prototype. Conclusions on the performance of the

converter and on the performance of ZVT-PWM

converters in general are made based on efficiency results

obtained from experimental prototypes

ZVT-PWM converters that are representative of different

types.

of other

2. Non-Resonant and Resonant Auxiliary

Circuits in ZVT-PWM Converters

There have been many auxiliary circuits that have been

previously proposed for use in ZVT-PWM converters [14].

With few exceptions, auxiliary circuits in ZVT-PWM

converters are generally one of three types: non-resonant

circuits, resonant circuits that have an LC resonant

network placed in series with the auxiliary circuit switch,

or dual circuits that are a combination of the first two

types. The operation of a ZVT-PWM boost converter with

an experimental non-resonant and an experimental resonant

auxiliary circuit is reviewed in this section of the paper.

The operation of a ZVT-PWM boost converter with an

experimental dual circuit will be reviewed in the next section.

2.1 Non-Resonant Auxiliary Circuit

Consider the converter shown in Fig. 2 which is an

example of a ZVT-PWM converter with a non-resonant

auxiliary circuit [1]. The auxiliary circuit consists of a switch,

S2, an inductor, Lr, a capacitor, Cr, and two diodes, D2 and

D3. The circuit is a non-resonant circuit because there is no

capacitor in series with the auxiliary circuit inductor.

V in

C s1

C o

R

L in

S 1

D 1

Auxiliary

Circuit

a

b

c

Fig. 1 General structure of a ZVT PWM boost converter

Vin

Cs1

Lr

Co R

Lin

S1

S2

D1

D2

Cr

D3

Fig. 2 ZVT-PWM boost converter with non-resonant auxiliary

circuit

Iin

Vo

D1

Lr1

S2

Iin

C s1

S 2

L r1

I in

S2

Lr1

S1

(a) [t0-t1] (b) [t1-t2] (c) [t2-t3]

Iin

D2

Lr1

S1

Cr

I in

S 1

Iin

Cs1

(d) [t3-t4] (e) [t4-t5] (f) [t5-t6]

Vo

D3

Cr

Iin

Cs1

Iin

V o

D 1

(g) [t6-t7] (i) t > t7

Fig. 3 Modes of operation of a ZVT-PWM boost converter with

a non-resonant auxiliary circuit

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Circuit Properties of Zero-Voltage-Transition PWM Converters 37

Fig. 3 shows circuit diagrams of the modes of operation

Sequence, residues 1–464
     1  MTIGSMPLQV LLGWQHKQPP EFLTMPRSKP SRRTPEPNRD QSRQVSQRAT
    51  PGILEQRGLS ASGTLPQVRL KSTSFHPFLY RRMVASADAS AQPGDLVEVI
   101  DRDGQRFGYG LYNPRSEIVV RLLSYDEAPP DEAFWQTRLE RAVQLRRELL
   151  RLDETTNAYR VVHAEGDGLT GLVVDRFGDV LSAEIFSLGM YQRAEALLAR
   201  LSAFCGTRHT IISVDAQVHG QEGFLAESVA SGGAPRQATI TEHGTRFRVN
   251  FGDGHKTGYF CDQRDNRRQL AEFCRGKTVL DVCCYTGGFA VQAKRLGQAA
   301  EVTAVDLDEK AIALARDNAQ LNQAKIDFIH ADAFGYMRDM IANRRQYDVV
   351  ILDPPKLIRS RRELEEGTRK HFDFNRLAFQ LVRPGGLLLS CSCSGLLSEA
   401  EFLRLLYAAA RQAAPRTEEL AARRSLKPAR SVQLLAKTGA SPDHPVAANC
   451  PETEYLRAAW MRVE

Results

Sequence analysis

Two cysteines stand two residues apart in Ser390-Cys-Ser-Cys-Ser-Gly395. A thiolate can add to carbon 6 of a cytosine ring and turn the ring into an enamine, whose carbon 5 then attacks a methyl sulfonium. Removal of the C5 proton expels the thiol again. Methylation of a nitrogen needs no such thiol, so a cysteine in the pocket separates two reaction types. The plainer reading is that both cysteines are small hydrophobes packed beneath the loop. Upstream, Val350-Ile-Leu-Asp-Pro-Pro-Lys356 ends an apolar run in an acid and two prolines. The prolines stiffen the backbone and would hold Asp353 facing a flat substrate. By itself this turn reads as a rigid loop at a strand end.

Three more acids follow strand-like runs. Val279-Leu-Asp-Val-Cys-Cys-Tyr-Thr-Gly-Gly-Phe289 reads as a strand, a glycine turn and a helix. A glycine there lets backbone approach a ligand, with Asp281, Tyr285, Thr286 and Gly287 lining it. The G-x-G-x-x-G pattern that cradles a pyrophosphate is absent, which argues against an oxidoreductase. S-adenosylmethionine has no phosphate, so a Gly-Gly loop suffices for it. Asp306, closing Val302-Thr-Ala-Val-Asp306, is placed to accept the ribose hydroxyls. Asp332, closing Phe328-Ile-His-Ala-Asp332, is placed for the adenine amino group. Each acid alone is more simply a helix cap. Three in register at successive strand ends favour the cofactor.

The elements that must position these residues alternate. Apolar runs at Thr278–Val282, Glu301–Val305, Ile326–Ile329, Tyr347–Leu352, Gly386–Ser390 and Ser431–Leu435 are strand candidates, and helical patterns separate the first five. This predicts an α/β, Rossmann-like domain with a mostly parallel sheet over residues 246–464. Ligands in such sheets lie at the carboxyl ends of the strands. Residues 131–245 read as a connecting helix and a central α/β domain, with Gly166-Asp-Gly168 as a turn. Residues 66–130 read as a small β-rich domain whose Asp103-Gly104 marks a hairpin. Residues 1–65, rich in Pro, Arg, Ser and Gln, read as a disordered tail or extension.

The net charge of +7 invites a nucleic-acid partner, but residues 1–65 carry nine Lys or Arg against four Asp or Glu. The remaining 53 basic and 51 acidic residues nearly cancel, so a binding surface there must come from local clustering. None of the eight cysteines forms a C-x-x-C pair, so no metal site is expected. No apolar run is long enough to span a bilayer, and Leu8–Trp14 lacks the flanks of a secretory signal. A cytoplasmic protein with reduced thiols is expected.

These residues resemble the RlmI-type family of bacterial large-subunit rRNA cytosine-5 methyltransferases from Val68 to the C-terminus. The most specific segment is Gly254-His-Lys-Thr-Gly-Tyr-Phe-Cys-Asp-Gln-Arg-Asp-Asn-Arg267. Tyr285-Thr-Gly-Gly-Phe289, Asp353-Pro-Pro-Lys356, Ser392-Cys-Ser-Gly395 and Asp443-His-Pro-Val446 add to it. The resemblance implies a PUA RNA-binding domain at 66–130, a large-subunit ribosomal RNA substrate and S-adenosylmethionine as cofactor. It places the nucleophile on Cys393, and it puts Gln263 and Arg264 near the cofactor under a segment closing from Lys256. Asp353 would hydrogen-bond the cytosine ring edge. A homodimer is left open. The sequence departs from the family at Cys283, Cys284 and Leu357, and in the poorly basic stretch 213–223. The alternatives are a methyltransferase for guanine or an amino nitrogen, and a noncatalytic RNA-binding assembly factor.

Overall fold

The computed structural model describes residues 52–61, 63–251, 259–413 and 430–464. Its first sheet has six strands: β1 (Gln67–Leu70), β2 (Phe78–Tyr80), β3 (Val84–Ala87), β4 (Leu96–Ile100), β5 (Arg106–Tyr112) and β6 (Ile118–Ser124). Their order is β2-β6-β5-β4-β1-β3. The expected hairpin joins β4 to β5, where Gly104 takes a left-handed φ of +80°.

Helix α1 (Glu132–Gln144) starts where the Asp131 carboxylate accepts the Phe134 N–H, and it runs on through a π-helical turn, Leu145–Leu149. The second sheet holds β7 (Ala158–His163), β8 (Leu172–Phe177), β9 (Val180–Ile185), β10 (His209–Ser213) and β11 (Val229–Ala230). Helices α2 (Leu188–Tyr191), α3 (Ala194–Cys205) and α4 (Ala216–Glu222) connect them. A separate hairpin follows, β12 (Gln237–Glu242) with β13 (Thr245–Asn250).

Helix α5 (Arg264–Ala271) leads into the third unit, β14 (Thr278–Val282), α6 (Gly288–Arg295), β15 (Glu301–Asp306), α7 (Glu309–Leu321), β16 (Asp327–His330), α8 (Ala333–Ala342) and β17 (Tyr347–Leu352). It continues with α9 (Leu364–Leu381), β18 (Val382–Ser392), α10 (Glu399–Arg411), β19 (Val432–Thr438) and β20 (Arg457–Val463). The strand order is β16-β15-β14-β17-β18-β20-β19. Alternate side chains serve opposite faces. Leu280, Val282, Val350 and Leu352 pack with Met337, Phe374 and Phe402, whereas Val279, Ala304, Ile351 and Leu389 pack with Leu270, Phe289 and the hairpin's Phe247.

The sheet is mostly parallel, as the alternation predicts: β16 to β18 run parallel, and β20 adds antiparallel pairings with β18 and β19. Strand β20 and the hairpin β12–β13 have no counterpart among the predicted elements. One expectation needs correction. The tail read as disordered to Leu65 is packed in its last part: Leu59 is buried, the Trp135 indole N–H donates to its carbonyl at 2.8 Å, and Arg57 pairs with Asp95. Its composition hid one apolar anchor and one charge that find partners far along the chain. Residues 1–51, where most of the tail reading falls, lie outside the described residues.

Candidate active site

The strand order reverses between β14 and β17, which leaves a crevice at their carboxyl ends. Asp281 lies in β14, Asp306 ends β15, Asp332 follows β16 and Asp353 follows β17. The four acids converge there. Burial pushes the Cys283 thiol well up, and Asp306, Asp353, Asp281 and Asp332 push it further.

that the converter shown in Fig. 2 goes through during a

switching cycle. For these diagrams, the input inductor, Lin,

is assumed large enough to be considered as a constant

current source, Iin, and the output capacitor, Co, is large

enough to be considered as a voltage source, Vo.. Typical

waveforms that illustrate the converter's operation are

shown in Fig. 4.

The converter works as follows: Before the auxiliary

switch S2 is turned on to help the main switch S1 turn on

with ZVS, current flows through the main power boost

diode D1. At some time t = t0, the auxiliary switch S2 is

turned on and current begins to be diverted from D1 to the

auxiliary circuit. Since there is an inductor in series with

the switch, it is turned on with zero-current switching

(ZCS) as the inductor slows down the rate of current rise

in the switch. At t = t1, there is no current flowing in D1

and capacitor Cs1 begins to discharge as the voltage across

it is now not clamped to the output voltage. Cs1 is totally

discharged at some time t = t2 and the body diode of S1

conducts current. S1 can be turned on with ZVS as the

voltage across Cs1 is almost zero.

Once S1 has been turned on, S2 can be turned off at

some time t = t3. When this happens, the current through

Lr is diverted to D2 and charges capacitor Cr and the

current in S1 stops flowing through the body diode and

instead flows through the switch. When the current

through Lr becomes zero at some time t = t4, the converter

then operates like a conventional PFC boost converter. S1

is turned off at t = t5 and capacitor Cs1 is charged until D3

begins to conduct at t = t6. Cr is eventually discharged

through D3 and current then flows through D1 at t = t7 until

S1 is turned on again to start a new switching cycle.